Growing Up with the Cub Scouts

Questionable Camping SignThere wasn’t a whole lot to do in Dupo, Illinois back in the late 1980s / early 1990s. Thankfully, I got involved in Cub Scouts. Most of the boys in my core group of friends were in it. Since wasn’t any social media back then, Cub Scouts and school were the only places I could really make friends. I still have fond memories — as well as a few not-so-fond memories — of that era of my life.

Arts & Crafts

Our Cub Scout troop met in an old VFW Hall, a small building with one big open room, a little stage, and a kitchenette in the corner. We would meet every Tuesday, with a couple of my friends’ moms acting as “Den Mothers.” Once a week, we would get together, eat snacks and make arts and crafts projects. Every once in a while, we would focus on bigger projects, like making and racing model cars and rubber-band rockets. I have fond recollections of my dad helping me make these in our garage. Other activities were a mixed bag. I hated camping though I liked some of the activities we did at camp, like swimming and roasting marshmallows. Then there were the fundraisers. Specifically, the popcorn.

Selling Popcorn

Everyone knows about Girl Scout Cookies. They’re a big deal, at least here in the U.S. In fact, sometimes it feels like the Girl Scouts are a cookie retailer that occasionally provides activities for girls. The Boy Scouts, however, don’t have an equivalent product. They sell popcorn. Their Trail’s End popcorn was pretty decent (if I recall correctly,) but it’s still just popcorn. It’s a commodity. Even as a little kid I felt this way. There was a big difference between Girl Scout cookies and Keebler cookies, but none whatsoever between Trail’s End and plain old Orville Redenbacher. Because of that, I could never get into selling popcorn as a Cub Scout. It was just too boring.

Boy Scouts and Camping

I stayed with the Cub Scouts throughout elementary school, eventually graduating when I earned the Arrow of Light Badge. After that, my friends and I moved on to Boy Scouts. We met in the same place, but we work khaki uniforms instead of blue. Whereas the Cub Scout troop was run by moms, the Boy Scouts were run by dads. Instead of focusing on arts and crafts, we leaned more to outdoor activities, like hunting and camping. Some of my friends liked it, but even back then, I just wasn’t much of an outdoorsman. I missed making things out of popsicle sticks, and I really hated camping. So when my family moved to Michigan when I was in the seventh grade, I never bothered to get involved with a new troop up in Lansing. My scouting career was at an end. And that was fine. It was fun while it lasted.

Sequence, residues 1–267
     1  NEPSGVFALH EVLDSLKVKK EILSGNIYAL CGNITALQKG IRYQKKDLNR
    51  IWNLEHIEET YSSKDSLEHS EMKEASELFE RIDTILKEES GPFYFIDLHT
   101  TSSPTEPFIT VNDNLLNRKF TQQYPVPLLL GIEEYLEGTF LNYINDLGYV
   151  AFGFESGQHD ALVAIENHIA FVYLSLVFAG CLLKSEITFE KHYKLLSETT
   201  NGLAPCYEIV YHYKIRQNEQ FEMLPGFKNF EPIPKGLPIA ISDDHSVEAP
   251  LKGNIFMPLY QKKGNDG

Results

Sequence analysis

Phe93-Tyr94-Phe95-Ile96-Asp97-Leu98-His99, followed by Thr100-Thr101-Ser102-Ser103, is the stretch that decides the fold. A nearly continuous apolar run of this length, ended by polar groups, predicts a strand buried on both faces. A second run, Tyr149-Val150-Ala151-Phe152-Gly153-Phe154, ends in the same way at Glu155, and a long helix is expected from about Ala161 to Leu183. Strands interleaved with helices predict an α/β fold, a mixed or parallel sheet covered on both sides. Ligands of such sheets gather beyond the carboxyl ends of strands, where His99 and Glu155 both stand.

The idea of Cub Scouts and Boy Scouts seems really weird to me as an adult. In many ways, it seems like a relic of the early 20th century. There’s something kind of creepy about dressing kids up in paramilitary uniforms and having them recite oaths of loyalty. And as an adult whose friends skew 50% male and female, it seems weird that boys and girls are separated into two different scouting organizations. But on the other hand, I had a lot of fun in the program, and as weird as it seems to me now, it was perfectly normal back then. Overall, I’d say my childhood was better off for my time in the Cub Scouts.

Were you a Scout growing up? If so, what was your experience? Let me know in the comment section.

Steve Lovelace

Steve Lovelace is a writer and graphic artist. After graduating Michigan State University in 2004, he taught Spanish in Samoa before moving to Dallas, Texas. He blogs regularly at

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1 Response

  1. May 10, 2017

    […] a Cub Scout, I spent a couple of summers at Camp Joy in Centralia, Illinois. I had mixed feelings about the […]

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